By Gavin Gibbon
Dino Varkey believes the economic crisis caused by the global pandemic will have serious repercussions for industry
The CEO of Dubai-based schools giant GEMS Education has said the Covid-19 global pandemic could lead to an increase in mergers and potential closures.
In an exclusive interview with Arabian Business, Dino Varkey admitted that the economic turmoil caused by the outbreak will have serious repercussions for the education industry, with redundancies and salary cuts across the board taking its toll on future school rolls.
He said: “The Covid-19 crisis has impacted some of the key economic pillars of the country whether it is retail, aviation, oil and gas. The families that choose our schools and many schools across the nation are those employed by these sectors and if we look at the market sentiments for these sectors it is projecting a decline, and subsequently a contraction in student enrolments.”
Schools in the UAE were forced to employ distance learning for the third term of the academic year as a result of strict lockdown measures and movement restrictions enforced by the government.
GEMS, which serves 124,000 students across almost 50 schools in the country, has come under fire from parents for adopting a means-test approach to discounts on school for families hit hardest by the current economic downturn.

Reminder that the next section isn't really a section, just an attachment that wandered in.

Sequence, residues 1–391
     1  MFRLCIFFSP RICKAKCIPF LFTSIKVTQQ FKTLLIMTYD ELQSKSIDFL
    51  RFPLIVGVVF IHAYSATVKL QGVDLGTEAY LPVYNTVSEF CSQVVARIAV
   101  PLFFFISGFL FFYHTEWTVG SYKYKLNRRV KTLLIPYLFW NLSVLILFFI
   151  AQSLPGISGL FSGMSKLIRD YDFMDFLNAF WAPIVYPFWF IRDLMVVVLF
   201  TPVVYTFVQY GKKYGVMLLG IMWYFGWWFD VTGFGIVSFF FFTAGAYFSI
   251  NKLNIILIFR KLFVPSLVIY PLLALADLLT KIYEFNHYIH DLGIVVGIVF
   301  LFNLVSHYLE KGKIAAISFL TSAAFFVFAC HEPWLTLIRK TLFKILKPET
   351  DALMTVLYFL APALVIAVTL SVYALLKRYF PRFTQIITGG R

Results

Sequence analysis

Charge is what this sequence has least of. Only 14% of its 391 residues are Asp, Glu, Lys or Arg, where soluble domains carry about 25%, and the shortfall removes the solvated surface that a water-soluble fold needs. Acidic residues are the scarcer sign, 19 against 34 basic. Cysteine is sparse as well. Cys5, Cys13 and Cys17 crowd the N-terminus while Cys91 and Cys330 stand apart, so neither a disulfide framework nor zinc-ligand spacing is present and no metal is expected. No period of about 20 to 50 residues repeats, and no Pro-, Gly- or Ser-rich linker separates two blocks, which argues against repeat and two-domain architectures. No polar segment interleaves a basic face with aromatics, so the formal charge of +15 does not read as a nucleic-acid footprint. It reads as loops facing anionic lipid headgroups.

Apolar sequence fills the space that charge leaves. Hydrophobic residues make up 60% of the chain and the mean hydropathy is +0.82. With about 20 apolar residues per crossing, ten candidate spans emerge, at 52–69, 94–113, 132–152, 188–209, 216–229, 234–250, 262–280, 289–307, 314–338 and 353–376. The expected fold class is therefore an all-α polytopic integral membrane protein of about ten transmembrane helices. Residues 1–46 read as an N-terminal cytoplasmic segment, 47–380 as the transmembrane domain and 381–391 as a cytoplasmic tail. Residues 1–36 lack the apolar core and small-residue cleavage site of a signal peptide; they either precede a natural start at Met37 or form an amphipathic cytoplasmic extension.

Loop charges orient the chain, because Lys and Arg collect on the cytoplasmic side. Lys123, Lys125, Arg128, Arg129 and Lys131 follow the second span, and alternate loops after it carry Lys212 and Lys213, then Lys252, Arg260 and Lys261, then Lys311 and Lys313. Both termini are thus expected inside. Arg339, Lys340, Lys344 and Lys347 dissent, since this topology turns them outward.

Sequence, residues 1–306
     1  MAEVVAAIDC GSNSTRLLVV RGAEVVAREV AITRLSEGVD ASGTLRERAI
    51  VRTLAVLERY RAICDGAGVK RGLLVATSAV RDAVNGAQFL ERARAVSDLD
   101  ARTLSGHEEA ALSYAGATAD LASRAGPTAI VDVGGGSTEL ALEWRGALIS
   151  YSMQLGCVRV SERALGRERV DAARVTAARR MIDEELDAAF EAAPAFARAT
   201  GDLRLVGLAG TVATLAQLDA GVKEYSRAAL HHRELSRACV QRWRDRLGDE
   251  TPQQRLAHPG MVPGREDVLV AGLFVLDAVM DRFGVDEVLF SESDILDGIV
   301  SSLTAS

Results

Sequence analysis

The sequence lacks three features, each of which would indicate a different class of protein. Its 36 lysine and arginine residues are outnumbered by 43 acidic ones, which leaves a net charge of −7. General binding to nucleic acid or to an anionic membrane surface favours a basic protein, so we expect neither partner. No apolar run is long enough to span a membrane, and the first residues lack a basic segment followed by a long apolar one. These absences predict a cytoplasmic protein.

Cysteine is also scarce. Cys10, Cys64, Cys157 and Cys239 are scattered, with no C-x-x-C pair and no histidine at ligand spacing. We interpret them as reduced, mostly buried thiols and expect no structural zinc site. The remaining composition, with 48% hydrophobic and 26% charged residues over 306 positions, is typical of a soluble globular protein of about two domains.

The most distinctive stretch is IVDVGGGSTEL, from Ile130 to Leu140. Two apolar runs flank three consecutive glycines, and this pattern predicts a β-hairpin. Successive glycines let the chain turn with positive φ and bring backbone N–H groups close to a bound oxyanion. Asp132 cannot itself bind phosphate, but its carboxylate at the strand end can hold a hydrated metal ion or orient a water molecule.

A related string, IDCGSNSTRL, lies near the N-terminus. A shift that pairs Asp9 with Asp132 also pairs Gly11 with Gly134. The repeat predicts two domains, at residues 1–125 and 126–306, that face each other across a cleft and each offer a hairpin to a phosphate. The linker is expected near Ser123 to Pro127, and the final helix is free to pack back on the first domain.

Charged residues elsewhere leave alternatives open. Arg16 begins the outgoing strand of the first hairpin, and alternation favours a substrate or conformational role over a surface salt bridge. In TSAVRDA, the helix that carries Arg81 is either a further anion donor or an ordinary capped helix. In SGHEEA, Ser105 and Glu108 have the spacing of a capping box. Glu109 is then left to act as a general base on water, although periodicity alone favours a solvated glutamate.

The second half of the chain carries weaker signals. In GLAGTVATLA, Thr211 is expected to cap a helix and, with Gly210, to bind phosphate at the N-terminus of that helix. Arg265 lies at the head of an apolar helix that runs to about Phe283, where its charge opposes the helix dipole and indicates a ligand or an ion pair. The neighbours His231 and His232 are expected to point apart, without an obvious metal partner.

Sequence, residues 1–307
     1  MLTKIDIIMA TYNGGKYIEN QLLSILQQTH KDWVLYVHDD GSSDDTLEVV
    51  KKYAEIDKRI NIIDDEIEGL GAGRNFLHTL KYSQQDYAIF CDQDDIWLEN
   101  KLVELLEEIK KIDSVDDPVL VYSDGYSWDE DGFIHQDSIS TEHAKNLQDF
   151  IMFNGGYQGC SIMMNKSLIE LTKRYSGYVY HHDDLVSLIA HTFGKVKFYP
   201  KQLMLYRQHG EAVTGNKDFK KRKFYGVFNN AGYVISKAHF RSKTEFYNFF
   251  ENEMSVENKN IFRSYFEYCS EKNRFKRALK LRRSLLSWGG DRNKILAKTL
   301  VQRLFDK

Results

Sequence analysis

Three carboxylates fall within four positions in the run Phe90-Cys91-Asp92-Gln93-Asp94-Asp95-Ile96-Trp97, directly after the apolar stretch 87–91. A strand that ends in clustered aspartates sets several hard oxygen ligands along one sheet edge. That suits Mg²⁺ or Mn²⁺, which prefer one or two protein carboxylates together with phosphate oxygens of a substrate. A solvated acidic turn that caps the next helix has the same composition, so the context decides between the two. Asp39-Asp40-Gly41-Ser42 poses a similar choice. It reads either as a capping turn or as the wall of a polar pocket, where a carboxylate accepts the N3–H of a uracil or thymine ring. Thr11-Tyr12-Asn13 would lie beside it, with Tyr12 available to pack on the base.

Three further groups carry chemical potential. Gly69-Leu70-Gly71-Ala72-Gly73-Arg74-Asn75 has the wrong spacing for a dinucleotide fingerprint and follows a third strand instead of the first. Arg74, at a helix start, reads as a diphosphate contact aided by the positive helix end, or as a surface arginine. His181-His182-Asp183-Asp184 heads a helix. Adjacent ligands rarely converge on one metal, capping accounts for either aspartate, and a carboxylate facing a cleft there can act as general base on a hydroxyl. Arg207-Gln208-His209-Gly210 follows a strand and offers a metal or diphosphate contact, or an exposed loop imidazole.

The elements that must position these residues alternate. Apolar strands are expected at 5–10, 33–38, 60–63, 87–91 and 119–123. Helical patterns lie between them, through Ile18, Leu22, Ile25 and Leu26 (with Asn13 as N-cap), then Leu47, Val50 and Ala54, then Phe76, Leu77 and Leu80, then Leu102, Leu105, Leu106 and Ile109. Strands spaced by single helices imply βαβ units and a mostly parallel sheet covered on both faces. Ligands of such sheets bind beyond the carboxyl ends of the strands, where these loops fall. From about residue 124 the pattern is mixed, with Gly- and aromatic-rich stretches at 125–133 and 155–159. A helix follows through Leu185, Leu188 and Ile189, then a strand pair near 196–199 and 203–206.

However, Varkey has always stressed that the move was necessary in order to continue paying teacher salaries, rents and other essential costs, which make up around 95 percent of operating costs, while upholding a high standard of learning for students.
According to the KHDA website, there are currently 209 schools operating in Dubai with a further four set to open for the start of the new term.
Varkey believed, however, this picture could change dramatically ahead of the first school bell ringing in September.
He said: “It is important to know that in the history of the UAE, even during the global financial crisis, there has never been a time when enrolments have declined. In the current scenario, there are estimates that the reduction may be in double-digit percentages and we have to plan for that.
“In these scenarios if you don’t have the strength of a network of schools, if you don’t have the deep experience of many decades, as we have, then it will be more difficult for individual schools to continue to operate.
“In Dubai specifically, pre Covid-19, the sector was continuously growing but now the demand and supply gap is becoming more acute. I see consolidations and mergers of schools and in some cases inevitable closures.”